In 20 years, Malick’s aesthetic remains mostly intact. Yes, there’s a heavy reliance on handheld cameras which often results in a more intimate and personable space with the subjects and within their world. Most of what has changed is his storytelling techniques. In contrast to Badlands and Days of Heaven, films that used the interior of a female character as the conduit for the film’s observations, Malick’s approach has become broader and more driven by theme than by one character’s perception.
From the onset, the narration lets the audience know what questions the film is asking and the ideas it hopes to explore. It’s about the nature of war, strive, conflict and suffering. Most of the narration of the film is either a musing or strife or a longing for peace. Malick forgoes the elusiveness of what his films are about. It’s right there, up front, impossible to miss. This gives a film a bit more definition and direction, but a lot less mystery.
For instance, the film explores these themes through the philosophical conflict between Private Witt (Jim Caviezel) and Sergeant Welsh (Sean Penn). Welsh holds that this world is all there is and that the world war is simply something a man has to weather, keep his head down, look out for himself and hope he makes it through it. Witt holds that there’s something beyond, another world, a place of peace. He becomes fascinated with the idea of what lies beyond death, reminiscing on the peaceful death of his own mother.
While the themes become more obvious, that doesn’t mean there’s less to discover. In fact, setting up the theme directly allows Malick to freely move between characters without losing the audience because the film isn’t about a particular soldier’s experience (as it would be in holding with his ‘70s style of storytelling), but a general sense of the experience of war. In this case, the backdrop is The Battle of Guadalcanal.
One of the most common complaints of viewers who expected a more traditional war film is how similar all the cast members look and that most of them aren’t developed. That’s the point. Not only does this once again give forefront to the themes as the primary conduit through which the audience journey’s through the film, but also develops a thematic thread of the idea of humanity being connected, or, as one character in the film says, everyone sharing “one big soul.”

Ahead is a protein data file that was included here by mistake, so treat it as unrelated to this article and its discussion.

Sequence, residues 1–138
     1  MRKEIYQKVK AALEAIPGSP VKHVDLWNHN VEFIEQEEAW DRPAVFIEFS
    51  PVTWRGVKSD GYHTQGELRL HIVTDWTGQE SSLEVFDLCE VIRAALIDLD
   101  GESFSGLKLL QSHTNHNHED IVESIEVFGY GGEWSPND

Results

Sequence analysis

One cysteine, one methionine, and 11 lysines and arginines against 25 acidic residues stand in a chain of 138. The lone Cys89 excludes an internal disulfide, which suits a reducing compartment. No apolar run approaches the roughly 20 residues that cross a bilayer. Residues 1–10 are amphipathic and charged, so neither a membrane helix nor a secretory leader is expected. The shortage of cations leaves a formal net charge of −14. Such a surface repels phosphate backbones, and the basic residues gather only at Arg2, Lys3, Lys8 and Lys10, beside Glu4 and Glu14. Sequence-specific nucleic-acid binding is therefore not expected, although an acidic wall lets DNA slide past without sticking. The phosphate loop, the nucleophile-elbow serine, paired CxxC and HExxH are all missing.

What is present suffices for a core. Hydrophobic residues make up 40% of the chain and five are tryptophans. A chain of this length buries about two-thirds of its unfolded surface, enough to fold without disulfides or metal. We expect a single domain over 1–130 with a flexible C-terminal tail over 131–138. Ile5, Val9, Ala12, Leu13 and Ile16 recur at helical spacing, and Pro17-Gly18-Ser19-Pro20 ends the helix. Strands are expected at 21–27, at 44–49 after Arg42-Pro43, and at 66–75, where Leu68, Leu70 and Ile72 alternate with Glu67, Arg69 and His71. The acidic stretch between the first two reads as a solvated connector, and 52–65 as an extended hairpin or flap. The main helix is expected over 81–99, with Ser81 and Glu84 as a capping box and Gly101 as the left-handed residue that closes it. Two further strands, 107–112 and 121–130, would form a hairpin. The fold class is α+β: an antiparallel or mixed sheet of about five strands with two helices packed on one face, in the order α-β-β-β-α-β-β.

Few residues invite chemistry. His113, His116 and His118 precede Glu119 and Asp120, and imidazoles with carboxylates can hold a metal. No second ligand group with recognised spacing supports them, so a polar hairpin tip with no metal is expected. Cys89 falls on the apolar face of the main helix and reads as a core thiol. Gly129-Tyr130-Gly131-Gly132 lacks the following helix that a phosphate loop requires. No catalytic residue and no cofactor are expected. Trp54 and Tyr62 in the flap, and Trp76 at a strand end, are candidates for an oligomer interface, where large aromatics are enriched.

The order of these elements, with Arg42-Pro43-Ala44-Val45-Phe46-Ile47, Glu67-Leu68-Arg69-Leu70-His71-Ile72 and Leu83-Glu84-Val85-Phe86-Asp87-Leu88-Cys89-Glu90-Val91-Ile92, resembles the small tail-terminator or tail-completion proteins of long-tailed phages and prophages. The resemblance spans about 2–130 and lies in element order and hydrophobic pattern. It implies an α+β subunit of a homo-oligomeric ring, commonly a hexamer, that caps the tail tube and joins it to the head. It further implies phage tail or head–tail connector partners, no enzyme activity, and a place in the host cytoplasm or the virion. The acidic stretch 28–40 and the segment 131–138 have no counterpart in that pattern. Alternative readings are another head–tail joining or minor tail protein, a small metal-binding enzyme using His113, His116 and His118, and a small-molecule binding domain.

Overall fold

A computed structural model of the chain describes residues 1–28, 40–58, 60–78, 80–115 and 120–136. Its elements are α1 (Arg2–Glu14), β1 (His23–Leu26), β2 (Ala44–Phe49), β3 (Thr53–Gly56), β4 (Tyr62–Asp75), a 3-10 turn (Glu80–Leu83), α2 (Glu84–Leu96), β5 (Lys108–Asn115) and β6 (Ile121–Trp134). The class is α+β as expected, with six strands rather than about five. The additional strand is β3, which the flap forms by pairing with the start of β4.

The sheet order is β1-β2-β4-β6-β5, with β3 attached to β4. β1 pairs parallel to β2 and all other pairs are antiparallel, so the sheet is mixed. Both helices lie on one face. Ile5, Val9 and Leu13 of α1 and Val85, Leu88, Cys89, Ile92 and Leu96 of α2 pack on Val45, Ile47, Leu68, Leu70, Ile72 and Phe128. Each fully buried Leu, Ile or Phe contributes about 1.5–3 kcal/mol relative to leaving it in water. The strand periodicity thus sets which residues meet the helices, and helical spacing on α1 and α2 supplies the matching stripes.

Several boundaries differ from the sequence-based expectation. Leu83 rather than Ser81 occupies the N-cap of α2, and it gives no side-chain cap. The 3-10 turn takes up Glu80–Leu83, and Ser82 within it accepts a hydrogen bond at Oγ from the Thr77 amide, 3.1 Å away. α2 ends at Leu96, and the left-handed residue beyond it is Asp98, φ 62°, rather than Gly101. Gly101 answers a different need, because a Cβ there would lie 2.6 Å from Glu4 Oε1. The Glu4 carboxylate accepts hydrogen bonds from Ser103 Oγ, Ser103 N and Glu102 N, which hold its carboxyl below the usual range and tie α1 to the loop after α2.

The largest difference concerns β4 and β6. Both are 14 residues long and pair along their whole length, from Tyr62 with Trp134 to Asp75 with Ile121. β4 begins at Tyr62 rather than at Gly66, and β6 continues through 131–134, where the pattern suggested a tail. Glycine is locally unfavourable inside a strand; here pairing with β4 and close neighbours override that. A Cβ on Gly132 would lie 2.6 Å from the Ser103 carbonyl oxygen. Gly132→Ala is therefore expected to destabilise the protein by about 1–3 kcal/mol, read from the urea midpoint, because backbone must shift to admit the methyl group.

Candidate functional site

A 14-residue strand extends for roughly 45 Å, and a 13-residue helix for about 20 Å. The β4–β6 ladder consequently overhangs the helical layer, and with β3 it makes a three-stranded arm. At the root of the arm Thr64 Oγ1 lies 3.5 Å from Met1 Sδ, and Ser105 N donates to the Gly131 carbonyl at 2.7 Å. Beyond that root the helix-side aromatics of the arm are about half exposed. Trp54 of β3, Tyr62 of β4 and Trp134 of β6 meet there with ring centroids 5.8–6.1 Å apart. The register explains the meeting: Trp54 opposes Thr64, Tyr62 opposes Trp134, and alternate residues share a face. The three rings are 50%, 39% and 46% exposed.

Malick’s portrayals of violence, strife and evil in the world, while overwhelming and masterfully crafted in this film, are almost secondary to a sense of exploration of the idea of a spiritual existence, something beyond and above war. The film is more fascinated with the beauty of a leaf, an animal or a river than with the act of war-making. There’s a sense in which while nature is often cruel, there’s something beautiful about it, something that points to a transcendent existence.
This, in part, is part of the film’s anti-war rhetoric. While some critics argue there cannot be such a thing as an anti-war film due to film’s power to create a spectacle and entertain through the act of war-making, Malick’s film constantly subverts the spectacle and pleasure of a war film. It’s not till halfway through the film that the audience even sees the face of an enemy soldier. Up to that point, the Japanese soldiers are only briefly glimpsed in one scene. A soldier kills one of them (as the camera remains a far distance from the victim) and then ponders about the horrific nature of the act he just committed.
By refusing to show the enemy for so long, and constantly building a sense of tension and dread through long takes and Hans Zimmer’s tragic, slow building score, the film constantly frames the acts of war as horror. Issues of patriotic duty and nationalism are unspoken. In their place is the petty quest for a promotion by Lt. Col. Tall (Nick Nolte) and a general cynicism that war is either a squabble over property or misguided strife between brothers.
By the end of the film, nothing is gained. The film only focuses on the loss, the loss of feeling, the loss of a relationship, the loss of humanity and the most tragic loss of life. In those final moments the film mulls about the mystery of what lies beyond death, if anything, and the general sense of emptiness. When one private near the end talks about how he’s seen the worst life can bring him, his optimism for the rest of life is undercut by the general sense that something has been lost, that humanity’s strife comes at a price that can’t be completely understood in this life.
As cynical as that sounds, it’s tinged with a bittersweet notion, the idea that maybe there is something else, another way, or another world like Witt expresses. And perhaps in this life there’s still a way to, as one character puts it, “taste the glory.” Like the final frame of the film, it’s unclear what lies beyond, but it’s clear that Malick yearns for another world, a world better and more complete than ours.
© 2013 James Blake Ewing